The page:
Wednesday, July 21, 2010

Sherrod: The Albany Movement, New Communities, and Pigford

Shirley Sherrod's husband was one of the leaders of the Albany Movement. 

Apparently they were leaders of the New Communities: 
One of the most important initiatives of the Southwest Georgia Project was the organization of New Communities, Inc., a land trust. By January 1970, the group had purchased nearly 6000 acres of land in Lee County Georgia, which made it the largest single land mass owned by Blacks in the United States. The purpose of the project was to upgrade the quality of life of rural, poor, and mostly Black communities by offering meaningful employment, creating economic leverages to ensure and improve the income of small farmers, and ownership opportunities for its settlers.
Apparently the trust ended up losing the land, under circumstances which led to the award under the Pigford suit.  At this early date it's not clear the ins and outs of how the Sherrods' relate to the money awarded--are they still trustees and who would be the beneficiaries. Fox has a piece here.  My guess is that New Communities was one of the case subsumed under the Pigford class action suit.  The suit was resolved by having two tracks:  Let me quote from the 2005 CRS report:
The Pigford consent decree basically establishes a two-track dispute resolution mechanism for those seeking relief. The most widely-used option — Track A — provides a monetary settlement of $50,000 plus relief in the form of loan forgiveness and offsets of tax liability. Track A claimants had to present substantial evidence (i.e., a reasonable basis for finding that discrimination happened) that
! claimant owned or leased, or attempted to own or lease, farm land;
! claimant applied for a specific credit transaction at a USDA county office during the applicable period;
! the loan was denied, provided late, approved for a lesser amount than requested, encumbered by restrictive conditions, or USDA failed to provide appropriate loan service, and such treatment was less favorable than that accorded specifically identified, similarly situated white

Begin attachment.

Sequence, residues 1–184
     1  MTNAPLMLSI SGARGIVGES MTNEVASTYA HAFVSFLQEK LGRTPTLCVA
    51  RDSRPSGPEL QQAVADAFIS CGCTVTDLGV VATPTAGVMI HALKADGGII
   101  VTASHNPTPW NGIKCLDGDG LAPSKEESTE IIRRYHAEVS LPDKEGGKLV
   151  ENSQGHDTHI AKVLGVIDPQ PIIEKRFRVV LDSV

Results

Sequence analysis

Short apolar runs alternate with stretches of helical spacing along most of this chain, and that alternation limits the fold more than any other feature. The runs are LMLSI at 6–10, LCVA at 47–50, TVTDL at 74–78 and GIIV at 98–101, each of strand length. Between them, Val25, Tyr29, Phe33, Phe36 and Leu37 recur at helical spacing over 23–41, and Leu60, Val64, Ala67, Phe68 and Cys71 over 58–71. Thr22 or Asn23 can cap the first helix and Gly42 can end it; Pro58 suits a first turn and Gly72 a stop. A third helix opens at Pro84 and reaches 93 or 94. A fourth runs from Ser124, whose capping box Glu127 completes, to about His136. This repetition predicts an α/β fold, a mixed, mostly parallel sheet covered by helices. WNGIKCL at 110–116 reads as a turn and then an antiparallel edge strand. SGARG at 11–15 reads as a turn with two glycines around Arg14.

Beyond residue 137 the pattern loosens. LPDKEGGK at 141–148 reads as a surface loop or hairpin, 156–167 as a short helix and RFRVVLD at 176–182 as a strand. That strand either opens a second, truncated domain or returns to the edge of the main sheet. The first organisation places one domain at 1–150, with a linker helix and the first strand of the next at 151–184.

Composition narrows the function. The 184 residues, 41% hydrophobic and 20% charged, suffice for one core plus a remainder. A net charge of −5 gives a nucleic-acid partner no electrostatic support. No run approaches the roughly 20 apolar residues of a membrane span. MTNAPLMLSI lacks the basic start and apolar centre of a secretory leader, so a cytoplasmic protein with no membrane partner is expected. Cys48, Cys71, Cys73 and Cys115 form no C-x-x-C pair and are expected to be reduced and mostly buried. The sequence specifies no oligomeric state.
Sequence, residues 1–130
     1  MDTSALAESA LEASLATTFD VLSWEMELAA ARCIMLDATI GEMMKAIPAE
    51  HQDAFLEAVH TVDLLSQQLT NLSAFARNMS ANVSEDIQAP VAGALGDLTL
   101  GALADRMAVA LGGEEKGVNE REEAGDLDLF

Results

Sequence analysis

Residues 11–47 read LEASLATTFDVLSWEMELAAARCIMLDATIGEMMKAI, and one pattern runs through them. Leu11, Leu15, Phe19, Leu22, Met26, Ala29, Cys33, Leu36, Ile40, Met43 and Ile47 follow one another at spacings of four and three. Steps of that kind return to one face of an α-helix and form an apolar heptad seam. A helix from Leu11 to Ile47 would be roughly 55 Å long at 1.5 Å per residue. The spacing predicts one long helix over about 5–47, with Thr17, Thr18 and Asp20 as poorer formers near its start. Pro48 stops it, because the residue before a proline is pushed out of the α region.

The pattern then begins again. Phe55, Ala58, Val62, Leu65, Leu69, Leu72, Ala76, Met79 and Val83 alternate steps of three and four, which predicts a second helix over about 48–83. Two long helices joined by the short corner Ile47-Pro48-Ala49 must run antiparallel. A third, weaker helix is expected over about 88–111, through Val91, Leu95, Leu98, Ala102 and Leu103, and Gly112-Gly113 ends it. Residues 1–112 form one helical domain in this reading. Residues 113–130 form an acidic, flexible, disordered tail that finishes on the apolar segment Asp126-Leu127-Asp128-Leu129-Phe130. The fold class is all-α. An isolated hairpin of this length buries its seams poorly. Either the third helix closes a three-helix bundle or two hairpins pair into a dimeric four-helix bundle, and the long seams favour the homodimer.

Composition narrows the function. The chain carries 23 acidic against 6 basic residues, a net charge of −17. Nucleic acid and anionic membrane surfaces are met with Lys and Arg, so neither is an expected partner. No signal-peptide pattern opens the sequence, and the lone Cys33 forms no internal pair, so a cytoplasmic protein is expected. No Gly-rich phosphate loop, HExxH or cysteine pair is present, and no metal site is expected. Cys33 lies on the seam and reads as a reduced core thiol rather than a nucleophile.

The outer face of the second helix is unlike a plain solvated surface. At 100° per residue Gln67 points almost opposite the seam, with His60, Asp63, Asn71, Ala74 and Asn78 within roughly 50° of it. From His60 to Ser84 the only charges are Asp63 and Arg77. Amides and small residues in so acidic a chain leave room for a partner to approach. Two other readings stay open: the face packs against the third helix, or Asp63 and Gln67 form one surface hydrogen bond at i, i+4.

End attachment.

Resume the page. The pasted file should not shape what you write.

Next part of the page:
farmers; and
! the USDA’s treatment of the loan application led to economic damage to the class member.

Alternatively, class participants could seek a larger, tailored payment by showing  evidence of greater damages under a Track B claim. Track B claimants had to prove their claims and actual damages by a preponderance of the evidence (i.e., it is more likely than not that their claim is valid). The documentation to support such a claim and the amount of relief are reviewed by a third party arbitrator, who makes a binding decision. The consent decree also provided injunctive relief, primarily in the form of priority consideration for loans and purchases, and technical assistance in filling out forms
Finally, plaintiffs were permitted to withdraw from the class and pursue their individual cases in federal court or through the USDA administrative process.

Sounds to me as if the New Communities must either have been a Track B, or an individual case. Although I've reservations about Pigford issues, the Track B cases are the most likely awards to be warranted, IMHO. And without knowing how awards are computed, the current market value of 6,000 acres of Georgia farmland would be high.

[Updated: it's possible the suit was outside Pigford entirely--no doubt this will be clarified as time goes on.]

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